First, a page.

This applies to business as well as home life. In fact, in the past few years, “positive psychology” researchers have discovered that thriving couples focus on the positives in life much more than those who split and those who unhappily stay together.

The key is to do it as a couple (it only works if you’re both looking for the positive!), but it’s also very good to do this as a family.

Even when our daughter was small, my husband and I would sit with her around the dinner table and each take a turn to focus on “five positive things.” It could be something we were happy or grateful for, or that happened within a certain timeframe.

In tougher times, a positive thing might have been “we made payroll this week.” In amazing times, it was “I landed the biggest contract!” This process made us realize that often most of the positives came from nature, or something nice someone said. And this helped us not take the business quite as seriously, which ironically can be a good thing.

Regardless, focusing on the positive is not only good for you as a couple, but it also helps family members understand and feel good about the business you’re running.

(And yes, if you’re wondering, we still do this with our adult daughter when she returns home from university to visit.)

#5: Create “No-Business Zones”

When you run your own business, you don’t often have the luxury of a mental break!

And it’s particularly hard if your partner keeps bringing the conversation back to business—even after business hours.

It’s so important to make the effort to limit business discussions to the “office” or according to a specific timeframe.

For example, after dinner time (and our celebration of gratitude), my husband and I do not talk business together. We also put our devices away for a while.

I also know a woman entrepreneur who runs her business from her home—as does her husband, who runs a separate business. They each have their own offices in their home, purposely located at opposite ends of the house. When they meet for lunch in the kitchen, they talk business; but their bedroom and living space is absolutely a No-Business Zone—no phones, no talking about work. The only place they can talk business is in the kitchen!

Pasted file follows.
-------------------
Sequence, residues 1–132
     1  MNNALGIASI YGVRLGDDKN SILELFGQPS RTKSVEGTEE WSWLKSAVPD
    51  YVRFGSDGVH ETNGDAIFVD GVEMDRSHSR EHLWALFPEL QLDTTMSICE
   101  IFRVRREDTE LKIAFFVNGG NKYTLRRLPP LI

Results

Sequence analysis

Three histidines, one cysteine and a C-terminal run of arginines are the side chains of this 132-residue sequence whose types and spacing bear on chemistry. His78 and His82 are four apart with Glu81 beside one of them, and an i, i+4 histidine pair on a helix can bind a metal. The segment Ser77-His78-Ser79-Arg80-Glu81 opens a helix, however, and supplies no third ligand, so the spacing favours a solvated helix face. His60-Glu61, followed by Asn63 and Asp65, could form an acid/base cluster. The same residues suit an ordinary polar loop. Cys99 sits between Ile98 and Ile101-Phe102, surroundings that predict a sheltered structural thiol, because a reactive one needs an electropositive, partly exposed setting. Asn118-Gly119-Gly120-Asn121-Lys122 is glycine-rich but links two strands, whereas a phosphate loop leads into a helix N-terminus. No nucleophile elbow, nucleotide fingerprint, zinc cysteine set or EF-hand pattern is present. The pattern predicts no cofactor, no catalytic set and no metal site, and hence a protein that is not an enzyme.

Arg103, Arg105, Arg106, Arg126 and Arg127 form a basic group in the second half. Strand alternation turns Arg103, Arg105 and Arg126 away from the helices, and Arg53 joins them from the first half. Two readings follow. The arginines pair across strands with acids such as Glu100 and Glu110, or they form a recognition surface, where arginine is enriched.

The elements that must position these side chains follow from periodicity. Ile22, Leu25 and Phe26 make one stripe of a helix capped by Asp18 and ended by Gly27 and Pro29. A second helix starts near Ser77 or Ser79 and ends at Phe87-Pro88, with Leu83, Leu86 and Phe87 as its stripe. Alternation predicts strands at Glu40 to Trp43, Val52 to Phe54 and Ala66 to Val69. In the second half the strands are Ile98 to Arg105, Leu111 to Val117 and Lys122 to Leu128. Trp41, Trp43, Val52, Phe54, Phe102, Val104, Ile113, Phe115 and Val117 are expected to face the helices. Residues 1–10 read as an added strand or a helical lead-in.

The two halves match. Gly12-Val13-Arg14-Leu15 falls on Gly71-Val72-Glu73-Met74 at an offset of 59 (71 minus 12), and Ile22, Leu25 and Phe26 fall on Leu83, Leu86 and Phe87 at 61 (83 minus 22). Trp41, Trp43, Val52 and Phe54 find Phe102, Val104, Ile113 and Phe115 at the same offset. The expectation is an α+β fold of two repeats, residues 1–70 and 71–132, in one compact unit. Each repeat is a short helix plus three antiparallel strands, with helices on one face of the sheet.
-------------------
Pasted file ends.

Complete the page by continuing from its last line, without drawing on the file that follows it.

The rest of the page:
#6: Make time for romance

Between kids, careers and outside commitments, it can be difficult to stay connected to your partner.

That said, you can’t always look at your partner in business terms: you also have to remember they are your romantic partner.

Keep in mind, “romance” means different things to different people. Some people are content with a basic “date night,” like going out to dinner. But beware: that type of date can easily turn into business conversation.

For me and my husband, we’re better at making time for romance when we’re doing an activity that neither of us have done before. In fact, research shows that if couples share new, exciting experiences together that are outside your element, this can help reignite passion.

And that makes sense, because when you do something new together, it makes the experience extra-special and increases interaction.

You and your spouse could do anything: kayaking, visiting a new museum together, or touring a city you’ve never visited. It really doesn’t matter: the goal is to unhook from the business grind, and experience something fresh together!

Risk and reward

It’s true, working with your spouse has its challenges. But the payoff can be a deeper sense of purpose, not to mention financial freedom and building something for yourselves and your family. Having someone who shares all your dreams and is willing to work towards them together with you.

I wish you a most rewarding business experience for you and your spouse—financially as well as romantically, with a healthy balance of love and business! 

The Thrive Global Community welcomes voices from many spheres. We publish pieces written by outside contributors with a wide range of opinions, which don’t necessarily reflect our own. Learn more or join us as a community member!
Share your comments below. Please read our commenting guidelines before posting. If you have a concern about a comment, report it here.

You might also like...

Wisdom//

4 Truths You Need to Know About Working with Your Partner

by Heidi Zak
Carola Bieniek / EyeEm / Getty Images
Wisdom//

13 Long-Term Couples Reveal Their Secrets for How to Make Love Last

by Business Insider
Erika and Chris Lucas, Co-Founders of StitchCrew.
Community//

4 Ways Working With My Husband Improved Our Relationship

by Erika Lucas

Sign up for the Thrive Global newsletter

Will be used in accordance with our privacy policy.

Thrive Global
People look for retreats for themselves, in the country, by the coast, or in the hills . . . There is nowhere that a person can find a more peaceful and trouble-free retreat than in his own mind. . . . So constantly give yourself this retreat, and renew yourself.

- MARCUS AURELIUS

We use cookies on our site to give you the best experience possible. By continuing to browse the site, you agree to this use. For more information on how we use cookies, see our Privacy Policy.